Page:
In the 5th District Senate, which spans the northeastern section of Carroll County and the northern part of Baltimore County, former state Delegate Joseph Getty, of Manchester, handily defeated C. Scott Stone, of Hampstead.
Getty had a commanding lead in the Baltimore portion of the district with 73 percent (22,051 votes), compared to 26.4 percent (7,955 votes) for Stone.
Getty also had a wide lead in Baltimore County portions of the district.
Getty, who represented District 5A in the House from 1994 to 2002, served as senior policy director for then-Gov. Robert Ehrlich. Stone is a former school board member in Carroll County.
“It’s a great district to represent, with a lot of small businesses and agriculture,” said Getty. “The best thing that I could hope to bring us is a better business climate throughout the state of Maryland.
“Scott (Stone) and I went to North Carroll High School together, and I have great deal of respect for him. He ran a very good campaign,” Getty added. “No matter who would have won, it is an historic event to see the first graduate of North Carroll High School to take a seat in the Maryland State Senate.”
For the District 5A House of Delegates race, which involves two seats in Carroll County, newcomer Justin Ready and longtime delegate Nancy Stocksdale, both Republicans, captured both seats over Democrats Francis Walsh and Sharon Baker.
Ready was the top vote-getter with 20,528 votes (38.6 percent), while Stocksdale won a new term with 18,357 votes (34.5 percent).
“I’m looking forward to serving the needs of Carroll County and our district,” said Ready on Tuesday night.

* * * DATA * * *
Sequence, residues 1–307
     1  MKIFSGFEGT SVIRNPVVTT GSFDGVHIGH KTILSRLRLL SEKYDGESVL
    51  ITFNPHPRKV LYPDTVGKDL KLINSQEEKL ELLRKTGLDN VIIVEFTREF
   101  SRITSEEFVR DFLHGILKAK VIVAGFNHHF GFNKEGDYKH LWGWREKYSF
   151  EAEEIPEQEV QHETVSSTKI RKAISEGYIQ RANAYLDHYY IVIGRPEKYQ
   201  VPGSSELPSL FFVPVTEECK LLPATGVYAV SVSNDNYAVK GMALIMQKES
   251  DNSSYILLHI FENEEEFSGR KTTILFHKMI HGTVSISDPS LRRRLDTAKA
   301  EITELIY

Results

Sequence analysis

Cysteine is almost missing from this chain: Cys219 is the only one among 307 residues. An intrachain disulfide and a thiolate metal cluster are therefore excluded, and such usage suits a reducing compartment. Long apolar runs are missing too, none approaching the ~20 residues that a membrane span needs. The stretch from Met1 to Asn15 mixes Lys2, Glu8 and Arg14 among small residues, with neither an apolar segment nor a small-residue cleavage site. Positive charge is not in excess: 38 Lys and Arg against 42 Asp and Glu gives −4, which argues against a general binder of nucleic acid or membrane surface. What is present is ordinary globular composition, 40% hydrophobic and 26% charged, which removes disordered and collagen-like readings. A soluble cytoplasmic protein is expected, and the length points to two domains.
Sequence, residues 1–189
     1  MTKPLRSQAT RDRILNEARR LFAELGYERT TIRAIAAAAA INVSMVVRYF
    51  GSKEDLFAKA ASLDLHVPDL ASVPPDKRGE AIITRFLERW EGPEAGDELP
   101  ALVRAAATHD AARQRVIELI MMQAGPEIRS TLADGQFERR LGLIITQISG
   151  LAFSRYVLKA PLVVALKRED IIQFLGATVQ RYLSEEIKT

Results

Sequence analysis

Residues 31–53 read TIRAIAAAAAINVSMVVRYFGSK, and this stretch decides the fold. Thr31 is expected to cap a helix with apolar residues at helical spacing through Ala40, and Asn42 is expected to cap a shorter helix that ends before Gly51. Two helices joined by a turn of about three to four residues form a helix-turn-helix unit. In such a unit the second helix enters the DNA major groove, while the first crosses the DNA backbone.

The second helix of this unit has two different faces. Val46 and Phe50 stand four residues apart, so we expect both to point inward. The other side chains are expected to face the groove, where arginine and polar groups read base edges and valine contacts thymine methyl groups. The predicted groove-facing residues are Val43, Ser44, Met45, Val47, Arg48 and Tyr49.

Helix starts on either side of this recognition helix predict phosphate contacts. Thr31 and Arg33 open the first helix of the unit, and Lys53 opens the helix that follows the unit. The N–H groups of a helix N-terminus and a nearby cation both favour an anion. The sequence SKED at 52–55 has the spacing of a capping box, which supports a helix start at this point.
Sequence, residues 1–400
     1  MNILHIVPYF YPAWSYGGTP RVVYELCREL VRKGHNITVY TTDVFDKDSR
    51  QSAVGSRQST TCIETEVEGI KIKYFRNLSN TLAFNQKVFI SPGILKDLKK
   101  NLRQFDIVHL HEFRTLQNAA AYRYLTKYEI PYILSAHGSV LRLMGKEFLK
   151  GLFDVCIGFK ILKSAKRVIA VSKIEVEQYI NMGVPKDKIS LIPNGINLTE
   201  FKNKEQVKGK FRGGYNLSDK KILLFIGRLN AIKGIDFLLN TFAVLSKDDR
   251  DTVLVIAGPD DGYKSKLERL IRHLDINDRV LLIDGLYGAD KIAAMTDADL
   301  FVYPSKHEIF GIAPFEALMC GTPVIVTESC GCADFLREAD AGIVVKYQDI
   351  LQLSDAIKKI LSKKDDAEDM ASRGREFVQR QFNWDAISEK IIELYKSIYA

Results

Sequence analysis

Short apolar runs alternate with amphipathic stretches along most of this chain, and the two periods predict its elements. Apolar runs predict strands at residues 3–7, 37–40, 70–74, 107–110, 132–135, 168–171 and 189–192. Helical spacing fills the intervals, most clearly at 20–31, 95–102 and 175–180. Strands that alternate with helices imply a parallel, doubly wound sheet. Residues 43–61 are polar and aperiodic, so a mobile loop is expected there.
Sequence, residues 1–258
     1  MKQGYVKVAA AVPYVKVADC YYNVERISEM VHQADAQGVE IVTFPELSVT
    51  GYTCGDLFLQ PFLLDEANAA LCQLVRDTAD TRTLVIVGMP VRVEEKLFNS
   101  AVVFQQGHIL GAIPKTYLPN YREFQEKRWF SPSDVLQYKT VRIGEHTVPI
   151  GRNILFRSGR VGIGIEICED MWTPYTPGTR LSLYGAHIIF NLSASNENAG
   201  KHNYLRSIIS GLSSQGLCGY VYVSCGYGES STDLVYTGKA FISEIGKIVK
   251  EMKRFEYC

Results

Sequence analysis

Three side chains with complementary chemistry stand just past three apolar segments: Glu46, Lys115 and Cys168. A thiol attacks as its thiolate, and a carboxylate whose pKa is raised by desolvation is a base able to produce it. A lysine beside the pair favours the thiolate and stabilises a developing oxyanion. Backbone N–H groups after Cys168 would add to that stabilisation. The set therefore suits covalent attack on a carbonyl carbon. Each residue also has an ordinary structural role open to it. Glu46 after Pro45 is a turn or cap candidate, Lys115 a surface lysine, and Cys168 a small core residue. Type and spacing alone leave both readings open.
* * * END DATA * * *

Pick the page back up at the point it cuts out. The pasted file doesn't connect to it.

“We’ve got to get the state budget under control,” he added. “Our state’s tax and regulatory structure is harmful to businesses that want to create jobs.”
Walsh received 7,282 votes, or 13.7 percent; and Baker netted 6,861 votes, or 12.9 percent.
For Stocksdale, it was a return from the near abyss — in the primary, she edged challenger William Niner by 23 votes to advance to the general election, and this time, faced no such drama.
In District 9B, Sykesville and Eldersburg, incumbent Republican Susan Krebs rolled to another term over Democrat Anita Riley.
Krebs, who had also faced a stiff challenge in the primary, from Larry Helminiak, received 73.8 percent of the vote in the general, with 11,992 votes. Riley received 4,205 votes, or 25.8 percent.
In other state races, Incumbent senators David Brinkley in the Carroll/Frederick 4th District and Alan Kittleman in the Carroll/Howard 9th District both won re-election, as did District 4B Del. Donald Elliott. All are Republicans.
Board of Education
With three seats open on the Board of Education, Virginia Harrison of Sykesville and incumbents Barbara Shreeve, of Manchester, and Gary Bauer, of Hampstead, captured the open seats.
For Shreeve and Bauer, the victories give them new terms. For Harrison, the win offers her a return to a seat she held briefly in 2008 when she was named to fill an open seat — but then was not eligible to be on the ballot for election later that year.
This time, she was the top vote-getter, with 23 percent of the vote, while Bauer and Shreeve also made the board with about 22 percent each.
Challengers Jim Doolan and George Harmening fell short with 17.4 and 14.4 percent, respectively.
County Sheriff Ken Tregoning won a new term without a challenger, as did Register of Wills Paul Zimmerman, Clerk of the Circuit Court Don Sealing II and State’s Attorney Jerry Barnes.
For Judge of the Orphan’s Court, Cathy Reese clung to a narrow lead late Tuesday night, with 29.40 percent of the vote (38,389 votes) over Dorothy Utz’s 29.04 percent (37,931 votes) and Ron Brewer’s 28.09 percent (36,679 votes). A fourth candidate, Phillip Miller, had 13.3 percent (17,410 votes).